If you can get past the circus and past the character defects, if you can get past Tiger Woods’ bizarre obsession with the Navy SEALs, and that three of his alleged former mistresses (porn stars) are releasing a movie Tuesday (“Notorious Tales of the World’s Greatest Golfer,” and we’re just assuming it’s not about No. 1-ranked Luke Donald), and that his former swing coach is pimping a book, here’s one undeniable truth: Woods is gold — for the PGA Tour, for the sports world, for us.
Other golfers tire of answering questions about him, but they know who moves the meter. They know who sells tickets and sponsorships and ultimately brings more money and attention to the sport, and therefore them.
Fans may be divided on him – some still clinging to the being (not human) who won 14 majors and 71 Tour events in 14 years, others refusing to let go of the being (less than human?) who burned bridges with his arrogance, rudeness, infidelities and Nike-packaged phoniness.
But Woods’ win at the Arnold Palmer Invitational last week should be considered welcome news, even for those who want him to do a royal face plant this week at the Masters.
He makes things interesting. He makes you watch. He creates drama. He ignites galleries.
He makes everybody ask two questions: 1) Who’s leading? 2) Where’s Tiger?
Nobody else does that.
Golf purists may not care and probably prefer otherwise: But Woods, as one of those few stars who transcends his sport, will bring eyes to the TV this week from those who otherwise find golf kind of boring.
“Say what you want — good, bad or indifferent — you’re writing about him because he’s the greatest golfer in the world,” said Billy Andrade, the long-time Atlanta pro and now analyst for the Golf Channel. “Any time he shows up, he’s Elvis. He’s a rock star. I remember taking him around for a practice round when he was 16 at the Honda Classic, and he was that way back then. He’s a game-changer.”
We’ll learn this week about the significance of Woods’ first win in over two years. We’ll see if he can drive straight and avoid three-putts and meltdowns, like those we witnessed at the Atlanta Athletic Club in August, when he failed to make the cut of the PGA Championship (77-73-Hartsfield).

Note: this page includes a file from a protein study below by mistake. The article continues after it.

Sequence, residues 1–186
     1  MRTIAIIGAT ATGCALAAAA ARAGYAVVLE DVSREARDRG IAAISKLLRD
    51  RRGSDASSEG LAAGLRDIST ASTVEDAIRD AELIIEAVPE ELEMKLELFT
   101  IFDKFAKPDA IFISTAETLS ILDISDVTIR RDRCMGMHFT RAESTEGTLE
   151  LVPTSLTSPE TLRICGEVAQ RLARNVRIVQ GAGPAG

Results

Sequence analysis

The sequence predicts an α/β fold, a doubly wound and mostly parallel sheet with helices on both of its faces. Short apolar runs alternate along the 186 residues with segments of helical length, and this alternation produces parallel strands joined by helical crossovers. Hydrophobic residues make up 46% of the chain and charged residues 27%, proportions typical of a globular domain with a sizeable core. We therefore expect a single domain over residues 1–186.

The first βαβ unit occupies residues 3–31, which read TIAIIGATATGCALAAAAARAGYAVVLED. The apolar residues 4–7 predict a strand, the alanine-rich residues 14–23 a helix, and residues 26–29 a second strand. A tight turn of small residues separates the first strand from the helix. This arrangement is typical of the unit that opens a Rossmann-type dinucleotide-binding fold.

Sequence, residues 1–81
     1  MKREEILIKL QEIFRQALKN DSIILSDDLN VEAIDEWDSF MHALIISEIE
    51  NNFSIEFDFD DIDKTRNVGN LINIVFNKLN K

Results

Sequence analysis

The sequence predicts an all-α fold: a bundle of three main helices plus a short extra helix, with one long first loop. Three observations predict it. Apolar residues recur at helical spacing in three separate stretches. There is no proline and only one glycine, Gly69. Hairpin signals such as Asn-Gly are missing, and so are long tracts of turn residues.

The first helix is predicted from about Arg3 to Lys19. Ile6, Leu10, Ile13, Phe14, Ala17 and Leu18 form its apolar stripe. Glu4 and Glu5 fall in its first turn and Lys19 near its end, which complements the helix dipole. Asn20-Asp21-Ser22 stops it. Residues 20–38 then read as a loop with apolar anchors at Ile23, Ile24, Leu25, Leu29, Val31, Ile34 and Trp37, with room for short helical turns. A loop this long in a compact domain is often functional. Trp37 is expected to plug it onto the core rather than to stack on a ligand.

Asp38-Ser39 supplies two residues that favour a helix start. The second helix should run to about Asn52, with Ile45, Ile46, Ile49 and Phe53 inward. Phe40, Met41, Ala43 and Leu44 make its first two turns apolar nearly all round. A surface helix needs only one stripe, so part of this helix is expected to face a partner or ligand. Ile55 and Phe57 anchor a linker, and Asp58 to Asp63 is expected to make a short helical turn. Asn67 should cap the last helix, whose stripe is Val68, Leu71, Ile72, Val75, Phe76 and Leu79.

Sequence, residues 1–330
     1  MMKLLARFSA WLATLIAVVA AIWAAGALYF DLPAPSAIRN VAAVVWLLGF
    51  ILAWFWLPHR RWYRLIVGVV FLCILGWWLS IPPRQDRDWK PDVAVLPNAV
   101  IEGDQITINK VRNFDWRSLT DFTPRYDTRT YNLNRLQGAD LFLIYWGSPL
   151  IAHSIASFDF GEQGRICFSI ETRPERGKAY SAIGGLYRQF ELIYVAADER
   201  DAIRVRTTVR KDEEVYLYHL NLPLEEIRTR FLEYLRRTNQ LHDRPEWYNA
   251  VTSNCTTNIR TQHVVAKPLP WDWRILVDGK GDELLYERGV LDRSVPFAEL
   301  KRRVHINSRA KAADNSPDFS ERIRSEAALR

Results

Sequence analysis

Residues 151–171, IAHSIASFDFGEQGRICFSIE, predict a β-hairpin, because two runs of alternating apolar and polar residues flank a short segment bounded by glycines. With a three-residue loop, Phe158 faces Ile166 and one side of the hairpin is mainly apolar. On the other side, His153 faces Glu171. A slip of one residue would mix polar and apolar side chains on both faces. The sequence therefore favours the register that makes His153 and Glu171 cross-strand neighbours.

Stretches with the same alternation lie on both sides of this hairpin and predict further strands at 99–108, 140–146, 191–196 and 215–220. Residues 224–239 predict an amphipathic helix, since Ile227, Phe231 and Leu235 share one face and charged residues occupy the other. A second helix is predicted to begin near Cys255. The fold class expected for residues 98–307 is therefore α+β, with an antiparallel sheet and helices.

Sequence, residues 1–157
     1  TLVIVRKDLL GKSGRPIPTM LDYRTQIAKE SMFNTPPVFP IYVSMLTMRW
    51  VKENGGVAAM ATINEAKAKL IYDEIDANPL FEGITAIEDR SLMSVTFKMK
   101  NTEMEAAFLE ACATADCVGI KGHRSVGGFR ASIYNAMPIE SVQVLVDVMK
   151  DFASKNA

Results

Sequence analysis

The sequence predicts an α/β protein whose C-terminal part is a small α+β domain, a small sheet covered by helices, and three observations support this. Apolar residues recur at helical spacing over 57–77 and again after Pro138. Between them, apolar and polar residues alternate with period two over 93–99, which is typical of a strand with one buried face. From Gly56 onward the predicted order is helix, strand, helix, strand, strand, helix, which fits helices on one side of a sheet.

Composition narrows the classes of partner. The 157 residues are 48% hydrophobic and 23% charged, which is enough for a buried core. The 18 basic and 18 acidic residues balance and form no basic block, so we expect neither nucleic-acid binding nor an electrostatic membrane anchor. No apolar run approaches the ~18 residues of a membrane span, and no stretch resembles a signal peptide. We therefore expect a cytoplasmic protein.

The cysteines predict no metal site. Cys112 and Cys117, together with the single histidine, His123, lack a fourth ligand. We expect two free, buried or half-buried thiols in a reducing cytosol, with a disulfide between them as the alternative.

We’ll see how the kid who no longer is a kid (36) can get around for four days at Augusta National after four knee surgeries and with a tender Achilles.
If Woods succeeds, the thought of catching Jack Nicklaus in career majors wins (he’s four behind) is within reach. It’s a storyline, better than some of the others we’ve witnessed.
Two years ago, it was the TMZ Masters, with stories lingering from Woods’ split with his wife, the one-car/one-tree collision, stories of porn stars and affairs and a plane pulling banners over hallowed Augusta National.
Joslyn James, one of his alleged exes, picked Masters week to display her store-bought wares at the Pink Pony. (She briefly wore a green jacket that week. He didn’t.)
This year, it’s Hank Haney, Woods’ former swing coach of six years, who’s dancing on stage with his book, “The Big Miss.” It was perfectly timed for release last week.
The book has a few interesting insights. But that doesn’t make Haney any better than James. Both are looking to profit. The only difference between the two is breast size.
Haney writes that Tiger is cheap. He writes that Tiger ate his dinner fast, left the table before he was finished and wouldn’t get him a Popsicle out of the freezer. Move over, Michener.
Haney waxes on about Woods’ fascination with the SEALs, suggesting that became more important to him than golf or the pursuit of majors. He contends Woods’ well-chronicled knee problems can be traced to several days of training (including parachute jumps) with military personnel. He writes Woods even went on long jogs in army boots around the posh golf resort of Isleworth.
Probably petrified the poor ducks.
Haney sent Woods an email: “Focus on your destiny, and that isn’t flushing bad guys out of buildings in Iraq. Just play the video games some more.”
OK. That’s funny.
“I think for Tiger it was more the challenge of thinking, ‘I can do this,’” Andrade said of Woods’ SEALs fascination. “But come on — we’re golfers, not triathletes. Stop training like Mr. Universe. All you have to do is get that little ball in the hole — and the little ball has no idea if you lifted weights or ran five miles.”
The story has changed, even somewhat mutated. But Tiger Woods is still the story.
By Jeff Schultz